Private flights falling from favor at Aspen airport? | VailDaily.com

Private flights falling from favor at Aspen airport?

Scott Condon
scondon@aspentimes.com
Aspen, CO Colorado

ASPEN, Colorado ” Bad weather and the sour economy have teamed to take a big bite out of the private aircraft traffic at Aspen’s airport over the last two winters.

Corporate jet use has been about as popular during the recession as a Red Sox hat in Yankee Stadium, but statistics show that use of private planes during ski seasons tailed off in Aspen even before the economy tanked.

From the winter of 2000-01 through 2006-07, there were typically between 8,600 and 10,300 private aircraft operations at Aspen-Pitkin County Airport, according to statistics provided by the aviation director’s office. The number of operations plummeted 25 percent in the winter of 2007-08, then fell another 2 percent this winter, the statistics show.

There were 9,214 private aircraft flights from December through March 2006-07. The following ski season there were only 6,902. Last ski season, when the travel industry was plagued by the recession, the number of flights fell to 6,730.

There are probably several factors feeding that trend, according to Bill Tomcich, president of Stay Aspen Snowmass and the local business community’s representative on airport issues. Soaring fuel costs contributed to the drastic decrease between the winters of 2007 and 2008, he said.

The high price of jet fuel coincided with the addition of direct commercial flights between Aspen and its major markets of Los Angles and Chicago.

Even wealthy people conduct a cost-benefit analysis when they travel, so the high cost of fuel might have persuaded some of them to forego private aircraft, Tomcich speculated.

“It probably shifts the pendulum back in favor of flying in commercially,” he said.

A source intimately familiar with the private aircraft traffic at Aspen said the weather during the winter of 2007-08 played a major role in the reduced number of operations. That source didn’t want to be quoted by name because he lacked authorization to speak.

The 2007-08 winter brought near record snowfall to the Colorado mountains, including the Aspen area. Numerous private and commercial flights were canceled or diverted when the Aspen airport was socked in. A lot of private aircraft used the Garfield County Airport at Rifle or the Grand Junction Airport instead.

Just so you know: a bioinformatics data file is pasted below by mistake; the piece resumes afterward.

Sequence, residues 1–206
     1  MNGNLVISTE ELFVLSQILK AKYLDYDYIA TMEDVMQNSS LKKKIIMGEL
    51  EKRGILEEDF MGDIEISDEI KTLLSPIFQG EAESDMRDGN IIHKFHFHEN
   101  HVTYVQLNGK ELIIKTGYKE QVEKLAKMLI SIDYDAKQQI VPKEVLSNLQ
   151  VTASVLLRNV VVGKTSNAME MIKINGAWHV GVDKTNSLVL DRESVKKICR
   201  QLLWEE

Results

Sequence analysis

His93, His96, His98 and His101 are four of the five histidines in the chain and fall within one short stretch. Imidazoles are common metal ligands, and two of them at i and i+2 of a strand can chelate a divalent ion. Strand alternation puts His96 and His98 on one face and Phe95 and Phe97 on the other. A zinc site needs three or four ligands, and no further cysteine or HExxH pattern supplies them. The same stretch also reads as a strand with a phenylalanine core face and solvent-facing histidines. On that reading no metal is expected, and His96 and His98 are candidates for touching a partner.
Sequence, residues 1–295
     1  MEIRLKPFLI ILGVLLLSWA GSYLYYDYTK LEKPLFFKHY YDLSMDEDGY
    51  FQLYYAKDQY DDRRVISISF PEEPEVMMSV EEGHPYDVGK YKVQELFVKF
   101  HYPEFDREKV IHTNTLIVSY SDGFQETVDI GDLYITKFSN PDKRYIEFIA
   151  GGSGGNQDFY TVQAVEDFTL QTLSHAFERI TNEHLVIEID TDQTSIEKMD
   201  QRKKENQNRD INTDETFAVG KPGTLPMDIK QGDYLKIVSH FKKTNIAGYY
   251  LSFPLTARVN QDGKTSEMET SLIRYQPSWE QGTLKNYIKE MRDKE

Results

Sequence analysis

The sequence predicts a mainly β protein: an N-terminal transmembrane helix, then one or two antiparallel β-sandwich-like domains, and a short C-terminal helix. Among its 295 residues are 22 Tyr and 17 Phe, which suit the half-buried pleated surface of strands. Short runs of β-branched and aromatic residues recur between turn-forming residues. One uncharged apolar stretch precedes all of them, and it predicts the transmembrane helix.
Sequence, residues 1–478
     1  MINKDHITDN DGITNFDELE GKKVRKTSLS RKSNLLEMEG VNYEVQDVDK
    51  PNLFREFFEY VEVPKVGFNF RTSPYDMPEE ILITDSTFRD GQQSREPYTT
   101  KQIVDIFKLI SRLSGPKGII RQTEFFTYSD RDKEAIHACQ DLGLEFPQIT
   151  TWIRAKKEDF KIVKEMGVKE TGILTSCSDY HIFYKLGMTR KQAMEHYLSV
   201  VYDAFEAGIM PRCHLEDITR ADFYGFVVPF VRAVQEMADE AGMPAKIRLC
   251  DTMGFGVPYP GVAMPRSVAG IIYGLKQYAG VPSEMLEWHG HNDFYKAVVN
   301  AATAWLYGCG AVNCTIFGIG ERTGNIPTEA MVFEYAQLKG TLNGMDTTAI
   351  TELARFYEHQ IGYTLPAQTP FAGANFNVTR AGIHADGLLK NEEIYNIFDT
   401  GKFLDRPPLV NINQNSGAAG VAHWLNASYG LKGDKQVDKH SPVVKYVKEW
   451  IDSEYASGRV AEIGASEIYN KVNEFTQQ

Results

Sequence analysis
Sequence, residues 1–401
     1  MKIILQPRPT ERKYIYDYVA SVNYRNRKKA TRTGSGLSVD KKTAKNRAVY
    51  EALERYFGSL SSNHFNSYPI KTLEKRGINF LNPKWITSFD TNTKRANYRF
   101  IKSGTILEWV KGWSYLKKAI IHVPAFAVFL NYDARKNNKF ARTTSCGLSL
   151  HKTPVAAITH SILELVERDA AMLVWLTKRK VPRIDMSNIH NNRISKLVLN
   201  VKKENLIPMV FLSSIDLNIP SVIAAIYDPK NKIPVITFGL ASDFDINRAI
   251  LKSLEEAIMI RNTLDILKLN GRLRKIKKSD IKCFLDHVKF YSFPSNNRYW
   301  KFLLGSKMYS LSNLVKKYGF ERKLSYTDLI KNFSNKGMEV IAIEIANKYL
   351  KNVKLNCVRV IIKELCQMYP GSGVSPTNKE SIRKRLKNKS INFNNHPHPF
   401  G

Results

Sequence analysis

The number of operations didn’t bounce back last winter because of the recession, according to the source. The use of private jets for business has dropped this year in large part because of perception, according to a report on National Public Radio. Right or wrong, use of private jets has become a symbol of excess during the recession. People also have been cautious about flaunting their wealth, so that could cut down on private jet use for personal travel.

But the decreased number of private aircraft flights at Aspen could simply be a product of bigger jets. Fractional ownership jet companies have touted larger aircraft that allow clients to stretch out and bring their friends.

The latest models of corporate jets, such as the Gulfstream V and the Global Express, hold 15 to 18 passengers and are large enough for a person to stand upright. So, larger parties are flying into places like Aspen.

“Instead of one couple and a poodle, it’s the whole family and friends,” said the source familiar with Aspen’s private aircraft operations. As a result, the number of passengers flying to Aspen on private aircraft is probably holding steady despite the decrease in operations, he said.

David Ulane, assistant director of aviation at the Aspen-Pitkin County Airport, concurred that the size of aircraft is influencing the number of private flights. He said the airport staff is aware of the trend for fewer operations during this decade.

“What we have seen in that time, which we think accounts for the reduced operations, is an overall increase in the size and capacity of the general aviation aircraft that operate here,” Ulane said.

The decline in private flights in Aspen hasn’t been as great as in other parts of the country, Ulane said. He believes some Aspen travelers have the wherewithal to continue using private jets despite the condition of the economy.

The use of private jets and other private aircraft peaked ” in terms of operations ” during the winters of 2000-01 and 2001-02. There were slightly more than 10,300 operations in both of those winters. March 2001 was the single busiest month this decade for general aviation at the Aspen airport with 3,040 flights.

scondon@aspentimes.com